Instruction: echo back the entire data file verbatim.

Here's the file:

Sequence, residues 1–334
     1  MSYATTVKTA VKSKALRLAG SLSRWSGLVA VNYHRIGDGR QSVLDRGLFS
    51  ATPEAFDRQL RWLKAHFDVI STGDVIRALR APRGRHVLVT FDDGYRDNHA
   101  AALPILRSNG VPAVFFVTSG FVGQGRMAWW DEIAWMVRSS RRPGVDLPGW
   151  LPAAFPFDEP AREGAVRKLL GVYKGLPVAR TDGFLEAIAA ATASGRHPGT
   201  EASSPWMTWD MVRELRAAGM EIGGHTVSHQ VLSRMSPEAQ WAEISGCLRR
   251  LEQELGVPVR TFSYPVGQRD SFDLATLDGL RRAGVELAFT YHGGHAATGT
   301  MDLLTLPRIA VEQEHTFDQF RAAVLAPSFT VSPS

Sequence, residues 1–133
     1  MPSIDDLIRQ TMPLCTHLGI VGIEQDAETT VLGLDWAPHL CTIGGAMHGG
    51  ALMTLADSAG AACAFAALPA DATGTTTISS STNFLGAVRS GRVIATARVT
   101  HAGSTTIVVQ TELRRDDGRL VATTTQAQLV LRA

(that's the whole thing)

Sequence, residues 1–334
     1  MSYATTVKTA VKSKALRLAG SLSRWSGLVA VNYHRIGDGR QSVLDRGLFS
    51  ATPEAFDRQL RWLKAHFDVI STGDVIRALR APRGRHVLVT FDDGYRDNHA
   101  AALPILRSNG VPAVFFVTSG FVGQGRMAWW DEIAWMVRSS RRPGVDLPGW
   151  LPAAFPFDEP AREGAVRKLL GVYKGLPVAR TDGFLEAIAA ATASGRHPGT
   201  EASSPWMTWD MVRELRAAGM EIGGHTVSHQ VLSRMSPEAQ WAEISGCLRR
   251  LEQELGVPVR TFSYPVGQRD SFDLATLDGL RRAGVELAFT YHGGHAATGT
   301  MDLLTLPRIA VEQEHTFDQF RAAVLAPSFT VSPS

Sequence, residues 1–133
     1  MPSIDDLIRQ TMPLCTHLGI VGIEQDAETT VLGLDWAPHL CTIGGAMHGG
    51  ALMTLADSAG AACAFAALPA DATGTTTISS STNFLGAVRS GRVIATARVT
   101  HAGSTTIVVQ TELRRDDGRL VATTTQAQLV LRA